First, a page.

I recently outlined some of the proposals included in the Future of Tax, a background discussion paper to encourage submissions about how tax should be collected in the future.
I made the point that the review is not comprehensive, nor is it impartial.
The discussion excludes areas that the government considers politically unacceptable, like a capital gains on the family home. It promotes possible tax breaks for those involved in the Maori economy. It plans to use the tax system to address environmental issues like global warming and biodiversity. And it sees the tax system as the way to address house affordability issues.
The report makes a significant pitch for equalising wealth through the tax system - which is a more palatable way of saying, taking from the ‘haves’ and giving to the ‘have nots’ via wealth taxes. That's certain to be popular with those that receive tax benefits (which are typically Labour voters) and unpopular with those forced to pay (typically National voters).
What is clear from their analysis is the significant wealth disparity between those who own their own home and those that don't. Home ownership is key to wealth accumulation and the sooner someone buys a home, the better. It's a truism that should be pretty obvious to those who seek an answer to the question, why do some people grow rich when others remain poor?
Here's another truism: The more you earn, the more likely you are to accumulate wealth - but more importantly, the more you save the more you will accumulate.
Politicians would make better use of their time if they turned their attention to those truisms instead of focussing on new ways to squeeze more tax out of those who are already paying it. If they embedded these simple rules into their policy development process, they may come up with wealth creating policies like these:
- Policy 1. Transition those who are out of work into work. For some that means moving from welfare to work and, if necessary, being forced to do so - or at least being required to go into trades or skills training. On-the-job apprenticeships is a good place to start afresh, especially given the skill shortage in the building sector.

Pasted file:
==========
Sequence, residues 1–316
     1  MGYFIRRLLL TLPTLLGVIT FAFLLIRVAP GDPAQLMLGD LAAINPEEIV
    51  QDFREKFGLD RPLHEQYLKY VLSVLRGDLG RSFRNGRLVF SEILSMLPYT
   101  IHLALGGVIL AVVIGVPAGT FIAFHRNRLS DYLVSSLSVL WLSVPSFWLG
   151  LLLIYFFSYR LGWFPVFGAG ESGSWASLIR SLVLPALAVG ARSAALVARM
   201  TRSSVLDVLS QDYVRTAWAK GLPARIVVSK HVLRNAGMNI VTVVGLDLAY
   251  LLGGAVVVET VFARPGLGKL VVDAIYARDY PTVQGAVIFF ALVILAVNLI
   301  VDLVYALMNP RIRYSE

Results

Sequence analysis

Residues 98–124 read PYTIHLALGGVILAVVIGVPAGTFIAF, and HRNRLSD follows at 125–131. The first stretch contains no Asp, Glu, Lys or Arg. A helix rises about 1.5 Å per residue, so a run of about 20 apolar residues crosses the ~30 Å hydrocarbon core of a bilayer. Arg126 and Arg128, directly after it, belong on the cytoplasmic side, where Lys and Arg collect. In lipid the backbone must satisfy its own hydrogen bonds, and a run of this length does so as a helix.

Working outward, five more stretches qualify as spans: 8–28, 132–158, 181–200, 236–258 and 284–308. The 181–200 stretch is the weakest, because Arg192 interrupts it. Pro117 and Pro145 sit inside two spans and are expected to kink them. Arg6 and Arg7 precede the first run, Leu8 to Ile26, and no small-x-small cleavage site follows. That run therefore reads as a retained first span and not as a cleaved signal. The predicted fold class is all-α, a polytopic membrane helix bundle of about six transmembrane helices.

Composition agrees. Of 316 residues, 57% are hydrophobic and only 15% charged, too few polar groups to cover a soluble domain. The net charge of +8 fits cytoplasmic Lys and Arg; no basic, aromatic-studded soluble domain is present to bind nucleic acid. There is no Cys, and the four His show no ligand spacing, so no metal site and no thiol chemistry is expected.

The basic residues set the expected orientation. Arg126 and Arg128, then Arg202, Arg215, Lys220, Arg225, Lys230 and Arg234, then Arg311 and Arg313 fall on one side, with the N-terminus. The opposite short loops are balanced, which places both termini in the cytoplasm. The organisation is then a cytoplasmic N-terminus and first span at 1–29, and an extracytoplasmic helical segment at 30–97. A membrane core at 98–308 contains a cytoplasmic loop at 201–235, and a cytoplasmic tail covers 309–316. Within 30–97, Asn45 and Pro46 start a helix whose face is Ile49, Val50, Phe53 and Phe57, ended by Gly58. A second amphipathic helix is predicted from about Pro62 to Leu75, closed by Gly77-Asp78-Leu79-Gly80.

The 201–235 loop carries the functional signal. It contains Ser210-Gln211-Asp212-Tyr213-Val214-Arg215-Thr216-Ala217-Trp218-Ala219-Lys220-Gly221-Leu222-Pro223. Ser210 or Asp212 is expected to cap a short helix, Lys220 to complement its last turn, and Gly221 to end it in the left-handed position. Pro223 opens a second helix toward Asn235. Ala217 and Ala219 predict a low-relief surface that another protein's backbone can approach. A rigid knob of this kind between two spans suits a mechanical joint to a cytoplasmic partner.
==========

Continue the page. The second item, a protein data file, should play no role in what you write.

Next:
- Policy 2. Require everyone to save part of every dollar they earn. That will require compulsion because the reality is that those who most need to save, don't. Make KiwiSaver compulsory for everyone, but with an opt out option once a certain level of accumulated savings is achieved - enough to buy an annuity that generates a liveable income in retirement.
- Policy 3. Encourage people to own their own home as quickly as possible. KiwiSaver already has those incentives.
In February there was a media fuss about a state house in Remuera worth $3m. During the 37 years that the 81 year-old tenant has lived in the property it has increased in value by millions of dollars. Turn the clock back 37 years, and imagine if in 1980, the then 44 year old tenant had been required to save into a KiwiSaver account, and through that scheme, was able to buy the house from the state. Today he would be a multi-millionaire, and financially independent instead of dependant. Not only that, he may well have had a tidy sum in the kitty to pass onto the next generation so they too can get a step up on the wealth ladder. That lost opportunity is the true cost of the government policies that create dependency.
What is unfortunate about the Future of Tax is the underlying presumption that spending more money is going to solve the major social issues of our time. It won't. It will simply mean the man in the $3m state house will have a few dollars extra a week to make his dependency a little more comfortable, and the politicians will feel warm inside because they believe they have helped him.
The political reality is the new government will not entertain wealth creating policies because it does not suit their ideology about what it means to live in a caring society. They may however make KiwiSaver compulsory and progressively increase the employers’ contribution!
Still with political decisions that affect our lives, at last someone from the National Party has made a sensible comment about housing. National’s new housing spokeswoman, Judith Collins, says that changes to planning laws are required to help developers build new housing subdivisions faster.
She says house prices are higher than they should be because developers have to hold land for too long before they obtain consent to start building:
“Every time there is a month delay, a year delay, in some cases years of delay in getting consents through that all adds to the cost of holding that land for a developer. That cost goes on top of the section. That’s passed on to the first home buyer or the buyer of that land and I tell you what, that’s something we can sort out…The interest holding cost, the holding cost for any land has to be paid for”.
Ms Collins says National sees changing the Resource Management Act as a pathway to making housing more affordable. It's a shame Ms Collins was not in charge of the housing portfolio during the nine years National was in government.
Frank Newman, an investment analyst and former councillor on the Whangarei District Council, writes a weekly article for Property Plus.